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ECONOMYNEXT – Sri Lanka’s AIA Insurance is strongly capitalized above the industry, official data shows, with officials saying its prudent investment approach and practices provide policyholders with stability through economic cycles and shocks like Covid-19.
In 2015, industry watchdog Insurance Regulatory Commission of Sri Lanka (IRCSL) brought in a risk-based capital regime replacing an earlier rule-based one.
The principle behind the capital adequacy rule is to ensure insurers are solvent enough to honour claims as they fall due.
Domestic insurers started to fully comply with the risk-based capital (RBC) regime in 2016 and must maintain a minimum RBC ratio of 120 percent.
Life insurers that report an RBC below 160 percent must provide a written submission to the regulator with a plan to improve capitalization.
AIA Sri Lanka reported the industry’s highest capital adequacy ratio at 655 percent according to the last published regulator data for 2018, improving from 595 percent a year earlier.
State-run Sri Lanka Insurance Corporation reported the second-highest capital adequacy ratio of 440 percent up from 432 percent in 2017.
“AIA Sri Lanka’s high capital adequacy ratio should provide comfort to stakeholders that the company is able to stand strong in the face of external shocks. The capital adequacy ratio of over 5 times the stipulated regulatory minimum is a reflection of the capital that shareholders are maintaining within the business and of the prudent investment strategy that has been in place for many years” explains Gavin D’ Rosairo, Chief Financial Officer at AIA Sri Lanka.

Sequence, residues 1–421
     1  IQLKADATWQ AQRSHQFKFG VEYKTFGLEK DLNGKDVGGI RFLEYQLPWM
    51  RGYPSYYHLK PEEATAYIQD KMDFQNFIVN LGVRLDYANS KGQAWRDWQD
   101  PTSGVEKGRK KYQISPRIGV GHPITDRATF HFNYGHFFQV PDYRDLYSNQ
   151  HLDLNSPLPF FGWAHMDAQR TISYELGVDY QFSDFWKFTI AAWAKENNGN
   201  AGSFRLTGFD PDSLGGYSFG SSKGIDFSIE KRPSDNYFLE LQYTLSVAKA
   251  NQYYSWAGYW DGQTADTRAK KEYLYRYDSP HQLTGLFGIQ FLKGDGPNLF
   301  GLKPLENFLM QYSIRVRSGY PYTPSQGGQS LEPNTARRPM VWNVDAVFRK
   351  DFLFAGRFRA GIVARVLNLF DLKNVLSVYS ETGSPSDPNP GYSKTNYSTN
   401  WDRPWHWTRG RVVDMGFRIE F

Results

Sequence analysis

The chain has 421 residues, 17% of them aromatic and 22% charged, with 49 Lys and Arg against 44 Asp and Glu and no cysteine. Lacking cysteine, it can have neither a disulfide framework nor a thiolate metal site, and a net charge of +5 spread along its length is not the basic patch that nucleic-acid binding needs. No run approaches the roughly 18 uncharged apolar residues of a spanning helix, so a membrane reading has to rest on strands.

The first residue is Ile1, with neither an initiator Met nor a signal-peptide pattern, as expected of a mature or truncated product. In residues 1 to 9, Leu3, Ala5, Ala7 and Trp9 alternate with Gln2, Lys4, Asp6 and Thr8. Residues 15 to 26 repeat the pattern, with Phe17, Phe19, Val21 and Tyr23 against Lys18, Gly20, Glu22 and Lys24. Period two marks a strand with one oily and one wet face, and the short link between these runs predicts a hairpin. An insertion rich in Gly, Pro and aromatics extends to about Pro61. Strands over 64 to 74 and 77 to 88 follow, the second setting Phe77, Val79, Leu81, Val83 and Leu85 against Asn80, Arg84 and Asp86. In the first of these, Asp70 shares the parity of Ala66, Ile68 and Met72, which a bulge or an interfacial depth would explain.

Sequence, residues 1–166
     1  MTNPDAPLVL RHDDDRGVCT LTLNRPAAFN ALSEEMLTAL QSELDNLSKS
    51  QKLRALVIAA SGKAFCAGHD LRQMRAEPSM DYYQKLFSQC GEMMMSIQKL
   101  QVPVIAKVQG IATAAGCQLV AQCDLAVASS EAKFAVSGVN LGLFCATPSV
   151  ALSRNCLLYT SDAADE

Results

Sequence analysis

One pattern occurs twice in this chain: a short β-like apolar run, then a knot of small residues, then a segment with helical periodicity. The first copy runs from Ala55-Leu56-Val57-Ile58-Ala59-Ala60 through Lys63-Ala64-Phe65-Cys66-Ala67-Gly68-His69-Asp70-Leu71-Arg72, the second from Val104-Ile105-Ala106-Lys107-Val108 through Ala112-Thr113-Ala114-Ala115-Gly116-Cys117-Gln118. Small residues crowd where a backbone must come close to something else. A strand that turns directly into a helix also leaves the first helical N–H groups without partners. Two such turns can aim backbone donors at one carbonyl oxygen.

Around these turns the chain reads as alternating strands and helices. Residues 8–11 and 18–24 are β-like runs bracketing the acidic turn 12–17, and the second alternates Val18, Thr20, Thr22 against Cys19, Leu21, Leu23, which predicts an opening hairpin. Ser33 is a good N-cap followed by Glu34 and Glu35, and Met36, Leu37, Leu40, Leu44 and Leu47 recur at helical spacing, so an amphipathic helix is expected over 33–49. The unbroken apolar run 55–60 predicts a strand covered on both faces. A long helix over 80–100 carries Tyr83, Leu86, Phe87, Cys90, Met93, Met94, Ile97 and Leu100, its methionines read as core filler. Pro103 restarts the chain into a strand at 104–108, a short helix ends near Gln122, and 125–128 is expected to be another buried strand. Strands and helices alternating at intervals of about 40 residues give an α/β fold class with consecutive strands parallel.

“We have an investment policy that ensures significant exposures in government securities and high investment-grade debentures. Credit quality is of utmost importance and therefore we ensure that we invest in A and above instruments as rated by Fitch Ratings. We don’t invest in shares from our universal life fund for this same reason.”
Life insurers, especially those more exposed to the middle-to-low income segments, should see a spike in surrenders given the loss of income due to the covid-19 impact, though medical insurance claims would be lower during the lockdown, Asia Securities Research said in a June 2020 note.
“We also expect a significant slowdown in group insurance, downsizing in policy ticket size, as an increased number of corporates face business continuity concerns,” the report said.
“A recent industrywide push into group life policies saw an uptick in health insurance claims, across the board.
“But, with the COVID-19 scare reducing hospitals visits and admissions, life insurers will see a decline in claims in (the first half of 2020).”
AIA says it used digital channels for policyholders to make claims as well as premiums.
“This helped us to pivot quickly during the lockdowns and ensure continued service to our policyholders,” D’ Rosairo said.
According to Asia Securities, life insurance investment incomes will cushion the negative impact on operational cashflows. “As such, we still expect companies to return a profit, albeit affected, given the cash-rich nature of the business,” Asia Securities said.
For D’ Rosairo, the covid-19 crisis presents an opportunity for growth.
“It takes a crisis for people to realise the importance of having health and life insurance. Several insurance companies have digital channels but what will matter now is how effectively technology will be used to generate more awareness, increase accessibility, and generate growth,” D’ Rosairo said.
(COLOMBO, 27 July 2020)
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